Monday, August 18, 2008

Not the road to expect after 45 years of independence!

The Borneo Post Online
By Yu Ji

KUCHING: It took a staggering 13 hours for Sarah Freda Wilfred Peerok, a teacher, to travel from Miri to Kuching by bus, yesterday.

FREDA (left): I’m disappointed the conditions have not changed much over the last 20 years.

Arriving just before noon at the Mile 4 express bus terminal here, Freda said: “I was expecting better roads and more rest stops along the way.

“The journey took me 13 hours and I’m disappointed that the conditions have not changed much over the last 20 years.

“I’ll gladly pay toll for a faster and safer journey.”

Mohamad Basir Kipli, station supervisor for Syarikat Bas Baram, shared a similar sentiment.

He said buses traveLling along the state’s trunk road frequently failed to arrive on time.

“It’s too slow lah!” Mohamad told thesundaypost at the ticketing counter.

“The bad road means that our customers will not be happy to pay more, despite higher operation cost like expensive fuel and heavy wear and tear.”

Enduring 13 hours between Miri and Kuching is not what a fast developing state should be offering.

That’s a clear consensus among passengers and industry personnel.

Highway in Malaya (Peninsular Malaysia) financed from the incomes derives
from natural resources of Sarawak such as Petroleum, LNG, Timber, etc.

Comparisons with the roads in Peninsular Malaysia are also inevitable.

For example, Freda felt that development between East and West Malaysia “should be parallel”.

“We Sarawakians need to feel that whatever is taken from the state must be worthwhile for us eventually,” she said.

Meanwhile, most express bus companies are ‘forced’ to charge a standard rate of RM80 one-way between Miri and here - for both VIP and standard buses.

VIP buses boast of having fewer seats (because they are bigger) carrying a maximum of 28 people at any one time.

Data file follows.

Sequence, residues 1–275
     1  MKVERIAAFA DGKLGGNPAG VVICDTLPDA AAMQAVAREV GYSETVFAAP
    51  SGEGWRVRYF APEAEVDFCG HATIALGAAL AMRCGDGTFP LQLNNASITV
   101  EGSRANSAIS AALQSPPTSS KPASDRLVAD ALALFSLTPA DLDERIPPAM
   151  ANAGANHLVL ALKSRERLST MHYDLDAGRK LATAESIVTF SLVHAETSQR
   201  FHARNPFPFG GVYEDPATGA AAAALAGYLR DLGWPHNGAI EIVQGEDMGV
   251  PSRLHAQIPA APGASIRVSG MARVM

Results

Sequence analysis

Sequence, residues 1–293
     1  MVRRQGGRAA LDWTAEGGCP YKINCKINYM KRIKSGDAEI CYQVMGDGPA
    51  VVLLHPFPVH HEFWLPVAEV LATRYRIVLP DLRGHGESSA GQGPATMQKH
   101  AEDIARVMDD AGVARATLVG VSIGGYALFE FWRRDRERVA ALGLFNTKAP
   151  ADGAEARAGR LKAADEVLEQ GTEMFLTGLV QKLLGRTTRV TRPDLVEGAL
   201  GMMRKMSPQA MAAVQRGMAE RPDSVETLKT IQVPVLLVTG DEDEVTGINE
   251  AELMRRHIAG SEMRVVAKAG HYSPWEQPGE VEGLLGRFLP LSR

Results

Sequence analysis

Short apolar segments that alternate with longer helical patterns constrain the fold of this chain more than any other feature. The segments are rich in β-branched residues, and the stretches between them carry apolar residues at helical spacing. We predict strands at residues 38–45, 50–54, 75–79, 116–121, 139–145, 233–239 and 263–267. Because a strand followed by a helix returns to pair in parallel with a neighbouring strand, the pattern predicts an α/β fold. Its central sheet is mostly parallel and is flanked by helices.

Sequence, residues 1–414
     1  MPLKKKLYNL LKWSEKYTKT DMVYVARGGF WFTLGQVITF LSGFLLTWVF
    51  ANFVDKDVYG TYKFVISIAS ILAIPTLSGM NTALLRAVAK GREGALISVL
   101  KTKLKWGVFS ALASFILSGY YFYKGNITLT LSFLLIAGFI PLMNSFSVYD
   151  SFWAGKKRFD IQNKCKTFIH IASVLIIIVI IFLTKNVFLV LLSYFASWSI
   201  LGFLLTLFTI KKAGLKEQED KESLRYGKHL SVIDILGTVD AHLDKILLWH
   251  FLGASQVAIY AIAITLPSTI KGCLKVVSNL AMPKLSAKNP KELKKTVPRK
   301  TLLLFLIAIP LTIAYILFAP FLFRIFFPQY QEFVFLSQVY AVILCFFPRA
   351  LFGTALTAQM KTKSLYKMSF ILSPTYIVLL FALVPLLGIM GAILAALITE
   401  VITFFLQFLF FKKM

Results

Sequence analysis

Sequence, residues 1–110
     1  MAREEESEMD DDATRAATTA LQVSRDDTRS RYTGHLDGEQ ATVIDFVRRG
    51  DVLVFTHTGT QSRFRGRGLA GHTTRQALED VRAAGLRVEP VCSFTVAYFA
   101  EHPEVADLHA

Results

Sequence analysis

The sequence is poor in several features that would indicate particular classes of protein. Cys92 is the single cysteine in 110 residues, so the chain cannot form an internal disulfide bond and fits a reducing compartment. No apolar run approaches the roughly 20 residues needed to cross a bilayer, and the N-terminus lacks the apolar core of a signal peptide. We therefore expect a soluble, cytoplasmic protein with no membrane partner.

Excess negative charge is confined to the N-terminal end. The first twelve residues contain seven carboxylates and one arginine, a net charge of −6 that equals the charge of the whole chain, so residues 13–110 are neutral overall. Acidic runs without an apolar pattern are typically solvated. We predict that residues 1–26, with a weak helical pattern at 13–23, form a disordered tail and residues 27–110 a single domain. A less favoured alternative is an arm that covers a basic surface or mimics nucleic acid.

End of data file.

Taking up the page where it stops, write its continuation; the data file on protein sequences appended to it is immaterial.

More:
Standard buses can accommodate up to 40 people.

The rates are the same because operators are trying to encourage more people to book tickets earlier.

Operators are not out of their minds; it’s just a necessity because of poor infrastructure.

The road that stretches across Sarawak, Brunei and Sabah is the most extensive on Borneo.

Beluru - Lapok - Long Lama trunk road in the Baram Parliamentary Constituency (P220)
and state DUN N66 Marudi which is won by SPDP candidates (BN component party)

Just within Sarawak, the trunk road connects an estimated 5,000 villages, with varying degrees of quality.

The short stretch between Padawan (Mile-10) and Serian is without a doubt the most developed part.

It’s common knowledge that long stretches between Sibu-Bintulu and Bintulu-Miri are appalling. These are where the slowdowns occur.

It’s like a bottleneck effect: No matter how fast your car is, you’re limited by too few lanes, and pot holes along the way.

An express bus driver, who declined to be named, said Bintulu-Miri is the slowest part of any journey and that his management would advise drivers to slow down.

“It’s not just for the passengers’ safety, but to minimise repair and maintenance bills,” he pointed out.

It seems like the only group of people happy with the trunk road are Indonesians.

“We can’t really complain because the roads beyond the border to Pontianak is worse that the one this side,” said Julia Goh, who was with her parents.

She accompanies them here every three months for medical treatment.

“Its 10 hours between Kuching and Pontianak, but only 30 minutes to travel by air!” Goh quipped.

“So yes, I believe there is room for improvement; it gets quite boring to spend that much time on the road between places that are not really that far.”

To put this into perspective, 13 hours flying will get you from Kuala Lumpur International Airport to London, and 10 hours will get you to Auckland!

Sarawak Modern Highway which CM Tan Sri Taib Mahmud and his State Kitchen Cabinet proud of after 45 years of Independence and being the longest serving
Chief Minister for 26 years...

The difference is quite literally like day and night.

Perhaps a letter to The Borneo Post from Victor James, a Kuching resident, published in yesterday’s edition, summed it up best.

“Ask the Deputy Works Minister, who happens to be from Sarawak a SUPP Vice-President Stampin MP Datuk Yong Khoon Seng, to travel by road from Kuching to Miri…and ask this question:

Do we deserve this type of road after 45 years and countless contributions the state has made to Malaysia?” James wrote.

No comments: